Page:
It's been about a year since we last checked in with college soccer fans to find out their favorite places to watch the sport. It was time to ask again.
First, some background. We posed that question on Facebook and Twitter and you responded last summer with a whole lot of strong takes that we winnowed down to these nine stadiums. What makes a college soccer stadium great is up for debate so we asked again for your favorites. You delivered. We read all your responses and narrowed them down to the top 11 (in no particular order) along with some honorable mentions. Here they are:
Ludwig Field | Maryland
Ludwig Field first opened in 1995. According to Maryland athletics, the complex includes a Bermuda grass playing field. The most recent update for the facility was the installation of a permanent press box in 2008. It's also home of the most recent DI men's champion, as Maryland took home the 2018 national championship.
Where do the national champs play?— Terpslax (@terpslax1991) July 17, 2019
Spry Stadium | Wake Forest
Spry Stadium, which holds about 3,000, is considered one of the top facilities in college soccer. It features a fully-lit natural grass playing field along with two natural grass practice fields. The stadium includes a state-of-the-art scoreboard, sound system, locker rooms for both the men's and women's teams, a pressbox with rooftop observation deck and concession stands. According to Wake Forest, the men's soccer team has ranked in the top five nationally in attendance each year since 2015, when they led the nation with a season total of 46,248.
Wake Forest - Plain and Simple— David Raben (@davidraben) July 17, 2019
Dr. Mark & Cindy Lynn Stadium | Louisville
According to Louisville athletics, Dr. Mark & Cindy Lynn Stadium is an $18.5 million complex featuring a seating capacity of more than 5,300. The facility opened on Aug. 29, 2014, with a crowd of 7,047 witnessing the first match there. Fans' views from every angle are modeled after Major League Soccer's Sporting KC's stadium.
Lynn Stadium at Louisville is definitely the best— J.Stills (@UltimateJMix) July 16, 2019
Harder Stadium | UC Santa Barbara
According to UCSB, Harder Stadium holds 17,000 and was built in 1966. Apparently, you can see the Santa Ynez mountains to the north and feel a breeze from the Pacific Ocean. Sounds pretty nice, right? The stadium is named after Theodore "Spud" Harder, a former coach of the Gauchos' football team. In 1991, the US Women's National Team made an appearance right before it went off to China to win the 1991 FIFA Women's World Cup. Last year's men's College Cup was held in Santa Barbara. Oh, and they even call this place "Soccer Heaven."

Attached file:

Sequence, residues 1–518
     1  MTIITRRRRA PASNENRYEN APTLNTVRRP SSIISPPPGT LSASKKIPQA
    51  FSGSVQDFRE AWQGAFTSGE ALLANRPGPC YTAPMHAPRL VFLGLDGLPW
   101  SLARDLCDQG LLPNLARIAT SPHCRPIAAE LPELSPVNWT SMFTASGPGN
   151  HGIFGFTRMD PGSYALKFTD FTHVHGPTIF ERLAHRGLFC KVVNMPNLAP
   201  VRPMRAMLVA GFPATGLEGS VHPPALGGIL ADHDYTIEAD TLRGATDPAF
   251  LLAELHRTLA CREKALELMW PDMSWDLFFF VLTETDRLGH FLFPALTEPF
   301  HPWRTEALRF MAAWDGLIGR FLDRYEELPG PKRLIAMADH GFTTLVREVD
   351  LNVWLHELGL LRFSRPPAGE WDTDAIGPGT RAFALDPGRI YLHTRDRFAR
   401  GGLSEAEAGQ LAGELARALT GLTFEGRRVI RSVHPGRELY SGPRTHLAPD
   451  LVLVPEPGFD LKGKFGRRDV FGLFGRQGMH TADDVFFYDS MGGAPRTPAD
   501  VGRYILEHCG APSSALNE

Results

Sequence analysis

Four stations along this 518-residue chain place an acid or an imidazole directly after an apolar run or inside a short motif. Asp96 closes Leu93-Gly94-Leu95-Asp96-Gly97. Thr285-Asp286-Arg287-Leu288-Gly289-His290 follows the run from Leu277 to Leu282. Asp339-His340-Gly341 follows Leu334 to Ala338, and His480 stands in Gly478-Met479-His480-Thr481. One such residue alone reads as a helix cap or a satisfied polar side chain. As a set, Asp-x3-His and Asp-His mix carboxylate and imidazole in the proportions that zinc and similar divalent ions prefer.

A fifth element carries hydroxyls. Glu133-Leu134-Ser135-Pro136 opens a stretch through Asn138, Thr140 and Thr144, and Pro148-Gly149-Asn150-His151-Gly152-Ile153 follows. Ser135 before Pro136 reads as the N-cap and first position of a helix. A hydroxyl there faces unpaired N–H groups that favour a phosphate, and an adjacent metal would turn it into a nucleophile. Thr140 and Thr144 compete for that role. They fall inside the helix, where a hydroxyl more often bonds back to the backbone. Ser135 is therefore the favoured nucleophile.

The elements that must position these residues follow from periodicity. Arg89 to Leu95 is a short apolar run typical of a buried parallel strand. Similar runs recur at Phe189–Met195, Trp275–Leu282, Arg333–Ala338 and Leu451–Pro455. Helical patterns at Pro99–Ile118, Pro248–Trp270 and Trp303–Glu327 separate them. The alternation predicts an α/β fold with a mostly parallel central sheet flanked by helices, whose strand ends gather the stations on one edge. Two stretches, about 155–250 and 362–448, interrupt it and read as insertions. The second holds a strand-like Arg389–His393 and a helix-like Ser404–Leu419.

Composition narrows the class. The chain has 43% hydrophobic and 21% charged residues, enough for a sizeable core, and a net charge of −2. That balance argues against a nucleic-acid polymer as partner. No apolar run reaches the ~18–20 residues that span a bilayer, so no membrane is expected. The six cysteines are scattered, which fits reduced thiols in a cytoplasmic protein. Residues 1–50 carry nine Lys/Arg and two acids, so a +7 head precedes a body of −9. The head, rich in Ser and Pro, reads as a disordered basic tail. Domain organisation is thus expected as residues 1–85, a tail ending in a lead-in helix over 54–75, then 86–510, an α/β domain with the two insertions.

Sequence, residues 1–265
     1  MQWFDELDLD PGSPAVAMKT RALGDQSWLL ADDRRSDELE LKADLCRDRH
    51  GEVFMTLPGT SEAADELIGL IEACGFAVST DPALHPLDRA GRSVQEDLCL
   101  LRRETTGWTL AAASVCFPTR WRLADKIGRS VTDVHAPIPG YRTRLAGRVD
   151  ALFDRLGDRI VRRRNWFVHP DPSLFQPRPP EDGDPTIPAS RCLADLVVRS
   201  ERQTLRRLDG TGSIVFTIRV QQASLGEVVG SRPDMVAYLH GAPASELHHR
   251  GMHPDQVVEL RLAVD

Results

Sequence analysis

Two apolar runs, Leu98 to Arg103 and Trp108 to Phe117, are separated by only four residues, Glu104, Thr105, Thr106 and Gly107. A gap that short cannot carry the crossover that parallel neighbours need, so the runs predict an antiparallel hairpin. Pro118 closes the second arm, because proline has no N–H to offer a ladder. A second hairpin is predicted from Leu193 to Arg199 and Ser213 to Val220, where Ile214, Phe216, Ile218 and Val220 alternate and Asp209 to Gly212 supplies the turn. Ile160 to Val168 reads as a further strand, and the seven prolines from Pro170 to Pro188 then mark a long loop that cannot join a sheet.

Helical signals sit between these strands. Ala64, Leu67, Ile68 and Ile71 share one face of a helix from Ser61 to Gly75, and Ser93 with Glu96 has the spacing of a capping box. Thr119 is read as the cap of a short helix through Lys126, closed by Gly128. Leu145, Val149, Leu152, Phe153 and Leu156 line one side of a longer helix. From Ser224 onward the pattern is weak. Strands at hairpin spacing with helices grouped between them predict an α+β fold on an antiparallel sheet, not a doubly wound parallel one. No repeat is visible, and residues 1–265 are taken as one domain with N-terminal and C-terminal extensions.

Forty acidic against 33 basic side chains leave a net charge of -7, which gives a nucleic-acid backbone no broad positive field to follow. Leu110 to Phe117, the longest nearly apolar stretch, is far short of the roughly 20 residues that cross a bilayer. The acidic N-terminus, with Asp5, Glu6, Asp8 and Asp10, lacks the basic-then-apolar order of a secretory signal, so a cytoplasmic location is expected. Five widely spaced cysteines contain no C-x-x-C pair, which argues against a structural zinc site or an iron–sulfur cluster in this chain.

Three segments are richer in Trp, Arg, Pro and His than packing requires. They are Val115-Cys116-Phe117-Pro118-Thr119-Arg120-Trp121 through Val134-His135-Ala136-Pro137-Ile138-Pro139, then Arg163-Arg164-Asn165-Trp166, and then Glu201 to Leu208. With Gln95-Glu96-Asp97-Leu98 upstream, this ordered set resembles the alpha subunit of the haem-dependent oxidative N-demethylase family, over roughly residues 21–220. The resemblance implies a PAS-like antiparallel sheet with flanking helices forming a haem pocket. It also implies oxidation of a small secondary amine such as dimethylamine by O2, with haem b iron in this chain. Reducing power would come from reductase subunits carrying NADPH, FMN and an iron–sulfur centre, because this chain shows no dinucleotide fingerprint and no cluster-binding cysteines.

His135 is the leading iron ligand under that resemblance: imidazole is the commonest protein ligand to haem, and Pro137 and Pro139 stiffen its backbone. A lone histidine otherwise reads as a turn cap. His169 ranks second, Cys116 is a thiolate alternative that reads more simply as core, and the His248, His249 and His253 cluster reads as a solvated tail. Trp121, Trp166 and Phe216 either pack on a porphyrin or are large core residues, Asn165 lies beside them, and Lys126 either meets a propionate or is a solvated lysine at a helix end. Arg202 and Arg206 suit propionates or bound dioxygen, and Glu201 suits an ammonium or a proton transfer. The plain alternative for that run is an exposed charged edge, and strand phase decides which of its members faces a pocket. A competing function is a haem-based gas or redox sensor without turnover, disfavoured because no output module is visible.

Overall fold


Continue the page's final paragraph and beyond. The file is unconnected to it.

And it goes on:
Stone Stadium | South Carolina
Stone Stadium debuted in 1996. The surface was replaced in 2009 with a new state-of-the-art irrigation system. The seating capacity is 5,000.
Al F. Caniglia Field | Omaha
Al F. Caniglia Field opened in the fall of 1949 to serve as the home for the football team. It was renovated in 2012 to become the facility for the men's and women's soccer teams and holds about 3,000 seats. According to Omaha, the infill is a unique blend of cork and coconut husk, which enhances playability and decreases field temperatures. It is the only NCAA Division I field to receive the prestigious FIFA Recommended 2-Star certification.
I second this! A shot of our stadium from the other direction. pic.twitter.com/0PQegz4yuL— Ryan Alden (@hawkmav) July 16, 2019
Jeffrey Field | Penn State
According to Penn State's website, Jeffrey Field is widely regarded as one of the finest grass surfaces in the country and honored as the 2006 Collegiate Soccer Field of the Year by the SportsTurf Managers Association. The stadium holds 5,000 and in 2003 added a press box, video booth, expanded bleachers and a new field surface.
FirstEnergy Stadium - Cub Cadet Field | Akron
The soccer facility is natural grass with a drainage system that makes the playing surface one of the best in the midwest, according to the university's website.
Akron 😍 pic.twitter.com/8ypwrcUo9l— Luke Trees (@realLukeTrees) July 17, 2019
Morrison Stadium | Creighton
Morrison Stadium, which opened in 2003, has a seating capacity of 7,500. The stadium includes a video scoreboard, champions room, nearly 2,000 covered chairback seating, five luxury suites, an enclosed press box, concession stands and a banquet area. According to Creighton athletics, both the women's and men's programs have seen record-setting attendance numbers, with the men ranking in the NCAA top 10 every year since 2003 and the women topping the league in attendance 10 of the past 12 seasons.
Bill Armstrong Stadium | Indiana
Armstrong Stadium first opened in 1981 and underwent major renovations in 2000. The stadium supports 6,500 seats. The facility hosted the 1992 Men's Olympic soccer team as the United States team played a qualifying match against Canada.
Ellis Field | Texas A&M
Ellis Field became the home of Texas A&M's soccer programs in 1994. The stadium hosted the Women's College Cup in 2005, 2007 and 2009.
Luger Field | Gonzaga University
Retriever Soccer Park | UMBC
UMBC— Pete Caringi (@PeteCaringi) July 17, 2019
Merlo Field | Portland
University of Portland has the best fans, the best legacy, and the best stadium in #NCAASoccer. I think a certain World Cup champ might agree with us, too. Her hair is shorter and pinker nowadays. pic.twitter.com/q9DUQewkbH— Villa Drum Squad (@VillaDrumSquad) July 17, 2019
GCU Stadium | Grand Canyon